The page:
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  5. "Es ist böse."

"Es ist böse."

Translation:It is evil.

October 30, 2015



can Böse also mean something like bold/naughty- when said to children?


Either yes, or it's an old usage. I have a copy of "Der Struwwelpeter" from my grandpa, and in one of the poems the child is referred to as "böse".


I read those too. But the kid (Struwwelpeter) in it was pretty evil and cruel.


Would also like to know!


I play a Bösendorfer piano. I can't remember if the piano was named for a person, but the reason I picked this brand is the sharpness of the tone. One could easily make it sound angry or possessed by evil

  • 1178

Ja! Und nett, oder süß, oder stolz, oder ruhig—alles!


the boss is mad. Might just remember it like this...


Evil seems like a very strong word. Wouldn't bad be better? I would never tell my children that they were evil. Only in a Brothers Grimm fairy tale could this happen.


I put mean and it was accepted.


@Tujja: "Evil" does, in fact, indicate a certain extremity of "badness". But that's just what "böse" means.

Although I don't ever want to call my children evil, there are things they could do which would leave me no choice but to do so. When he was a little boy, I'm sure little Adolf wasn't thought of by Mr. & Mrs. Hitler as evil or böse. By the end of his life, I would hope they'd have changed their opinion.


Can someone give or suggest some examples about the usage of this word, please?


Lol my last name is Böse


"Mutti! Vati! Es ist böse! Nicht berühren!" [BOOM]


Die böse Hexe sein!


As a cat, I get that a lot. :/


Böse vs schlecht?


Same as burning vs. warm. It's a matter of degree.


Bose, the music company, is evil?


First of all, the consumer electronics company Bose is an American company that was founded by a man of Indian descent (his last name, Bose, is Bengali), and secondly, umlauts are part of German spelling and without them (or the addition of an "e"), the word is misspelled: böse = boese =/= bose.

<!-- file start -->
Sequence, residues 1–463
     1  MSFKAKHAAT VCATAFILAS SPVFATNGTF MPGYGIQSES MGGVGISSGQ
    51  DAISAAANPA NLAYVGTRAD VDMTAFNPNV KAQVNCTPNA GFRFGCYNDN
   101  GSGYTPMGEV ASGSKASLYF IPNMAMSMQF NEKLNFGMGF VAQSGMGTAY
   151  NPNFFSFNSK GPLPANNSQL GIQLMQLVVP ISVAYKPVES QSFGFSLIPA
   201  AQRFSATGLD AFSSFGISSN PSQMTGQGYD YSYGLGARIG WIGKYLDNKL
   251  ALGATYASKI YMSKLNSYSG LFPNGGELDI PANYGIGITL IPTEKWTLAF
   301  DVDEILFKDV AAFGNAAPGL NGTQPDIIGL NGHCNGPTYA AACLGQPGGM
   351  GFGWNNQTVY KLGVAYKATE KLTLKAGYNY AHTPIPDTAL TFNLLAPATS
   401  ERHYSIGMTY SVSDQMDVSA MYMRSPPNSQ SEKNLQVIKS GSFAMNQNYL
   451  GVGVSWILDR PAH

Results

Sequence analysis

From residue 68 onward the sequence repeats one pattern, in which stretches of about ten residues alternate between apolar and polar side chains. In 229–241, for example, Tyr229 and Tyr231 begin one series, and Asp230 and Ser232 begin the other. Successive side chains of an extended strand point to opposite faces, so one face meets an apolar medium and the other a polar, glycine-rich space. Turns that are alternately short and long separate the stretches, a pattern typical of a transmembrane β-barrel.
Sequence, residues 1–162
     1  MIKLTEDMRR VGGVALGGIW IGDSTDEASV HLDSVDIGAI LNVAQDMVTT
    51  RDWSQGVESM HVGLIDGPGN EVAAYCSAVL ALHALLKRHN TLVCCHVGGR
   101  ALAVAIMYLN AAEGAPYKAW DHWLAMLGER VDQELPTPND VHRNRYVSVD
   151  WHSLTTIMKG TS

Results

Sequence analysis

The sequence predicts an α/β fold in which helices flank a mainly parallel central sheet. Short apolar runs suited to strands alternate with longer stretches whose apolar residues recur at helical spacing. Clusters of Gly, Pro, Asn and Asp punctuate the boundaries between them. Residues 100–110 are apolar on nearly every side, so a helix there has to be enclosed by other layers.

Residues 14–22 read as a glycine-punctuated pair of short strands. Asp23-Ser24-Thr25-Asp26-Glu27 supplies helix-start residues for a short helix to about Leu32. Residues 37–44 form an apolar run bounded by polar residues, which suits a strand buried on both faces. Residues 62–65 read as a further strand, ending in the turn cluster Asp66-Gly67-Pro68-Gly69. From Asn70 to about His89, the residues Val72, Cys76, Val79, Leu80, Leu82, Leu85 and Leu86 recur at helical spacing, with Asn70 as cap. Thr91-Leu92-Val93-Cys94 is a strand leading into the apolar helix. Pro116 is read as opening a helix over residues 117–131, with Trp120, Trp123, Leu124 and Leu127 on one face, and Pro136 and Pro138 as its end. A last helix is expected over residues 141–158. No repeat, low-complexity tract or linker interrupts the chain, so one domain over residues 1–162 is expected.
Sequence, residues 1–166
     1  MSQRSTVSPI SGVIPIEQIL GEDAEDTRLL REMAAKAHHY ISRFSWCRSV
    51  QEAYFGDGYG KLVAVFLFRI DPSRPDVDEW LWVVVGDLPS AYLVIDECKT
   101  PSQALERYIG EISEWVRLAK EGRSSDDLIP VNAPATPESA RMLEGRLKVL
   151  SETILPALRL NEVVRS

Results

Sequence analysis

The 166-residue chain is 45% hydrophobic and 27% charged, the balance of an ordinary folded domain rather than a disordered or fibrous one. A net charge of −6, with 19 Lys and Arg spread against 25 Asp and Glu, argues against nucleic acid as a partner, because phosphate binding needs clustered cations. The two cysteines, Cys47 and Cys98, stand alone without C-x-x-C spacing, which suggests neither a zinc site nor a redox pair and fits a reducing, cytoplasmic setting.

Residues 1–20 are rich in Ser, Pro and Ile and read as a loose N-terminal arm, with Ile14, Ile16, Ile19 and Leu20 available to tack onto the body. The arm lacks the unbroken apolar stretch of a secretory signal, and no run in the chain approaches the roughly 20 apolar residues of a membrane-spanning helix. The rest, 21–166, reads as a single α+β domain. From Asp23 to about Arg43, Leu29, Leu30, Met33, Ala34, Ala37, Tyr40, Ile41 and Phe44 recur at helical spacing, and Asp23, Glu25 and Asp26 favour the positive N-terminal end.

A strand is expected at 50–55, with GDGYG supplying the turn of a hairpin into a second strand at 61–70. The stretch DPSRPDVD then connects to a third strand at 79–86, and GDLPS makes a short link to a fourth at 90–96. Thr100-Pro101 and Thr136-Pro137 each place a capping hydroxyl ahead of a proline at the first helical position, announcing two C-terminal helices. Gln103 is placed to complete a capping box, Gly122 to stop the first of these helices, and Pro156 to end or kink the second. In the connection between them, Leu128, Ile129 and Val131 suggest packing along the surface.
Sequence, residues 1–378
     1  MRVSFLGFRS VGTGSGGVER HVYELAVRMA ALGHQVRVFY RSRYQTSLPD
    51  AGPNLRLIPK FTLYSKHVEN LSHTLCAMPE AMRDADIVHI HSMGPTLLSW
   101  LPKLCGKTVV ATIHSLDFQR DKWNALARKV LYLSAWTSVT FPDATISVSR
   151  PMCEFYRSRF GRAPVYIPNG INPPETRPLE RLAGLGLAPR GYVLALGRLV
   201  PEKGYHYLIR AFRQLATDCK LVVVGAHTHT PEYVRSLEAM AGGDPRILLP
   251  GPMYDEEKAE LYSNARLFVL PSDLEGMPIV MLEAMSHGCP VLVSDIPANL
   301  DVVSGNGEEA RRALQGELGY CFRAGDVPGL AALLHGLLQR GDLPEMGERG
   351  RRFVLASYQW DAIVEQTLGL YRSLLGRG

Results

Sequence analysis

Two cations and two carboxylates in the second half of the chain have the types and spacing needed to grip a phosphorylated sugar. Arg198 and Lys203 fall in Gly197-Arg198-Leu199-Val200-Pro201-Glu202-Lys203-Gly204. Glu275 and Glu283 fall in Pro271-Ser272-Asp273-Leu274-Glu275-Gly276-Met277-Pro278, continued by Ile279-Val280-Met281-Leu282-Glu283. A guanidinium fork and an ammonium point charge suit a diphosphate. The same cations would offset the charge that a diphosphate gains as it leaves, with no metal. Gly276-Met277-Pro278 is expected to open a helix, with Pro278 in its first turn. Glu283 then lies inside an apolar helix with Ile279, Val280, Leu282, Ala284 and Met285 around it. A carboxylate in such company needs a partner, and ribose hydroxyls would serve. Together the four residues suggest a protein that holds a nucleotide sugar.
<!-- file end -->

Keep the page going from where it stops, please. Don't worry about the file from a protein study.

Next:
I never knew Bose was founded by an Indian American guy. Cool stuff.


Perhaps related to the root of "Beelzebub"?


audio is terrible! sounds like wüse


Böse means Mad. No evil.


In fact, frequency provided by dict.cc indicates that the most common meaning is "vicious", followed by "wicked" then "evil".


Then it still have the meaning of "mad/anger" as well "evilness/viciousness/wickedness". The order of commonness does not affect its meaning.



And that's why Luis430466 was wrong to say "Mad. No evil."

But the frequency of usage of a particular definition of a word can in fact have an effect on the meaning of a sentence. As an example, calling something or someone "gay" today has a vastly different meaning than it did in the 1890s and earlier.


I didn't say that böse doesn't mean mad, petorialc. I said that it usually (overwhelmingly according to dict.cc) means evil, vicious, and/or wicked, and that "mad" is an unusual translation. (Again, according to online sources--I am not a native German, although I will make it a point to ask my deutsche Freundin about this when I next see her.)


Hi zengator, I just want to affirm that your "gay example" is entirely valid and pertinent to the discussion, as the word as currently used is understood in a very different way to its generally understood meaning in say 19th C. Meanings can evolve and shift over time.

I'm not at all sure why this example was described as "extreme". I do hope noone mistakenly thought you were likening it to the meaning of böse!!!

[ I certainly didn't! ;-)]


Your "gay" example is a bit extreme. And without any context, it can mean either. (By "both" I meant it can be either, or both, depending on the speaker's intention, as the word have both definitions.)

You can say it usually mean "evil", but you can't exclude the possibilities that it can mean "mad".

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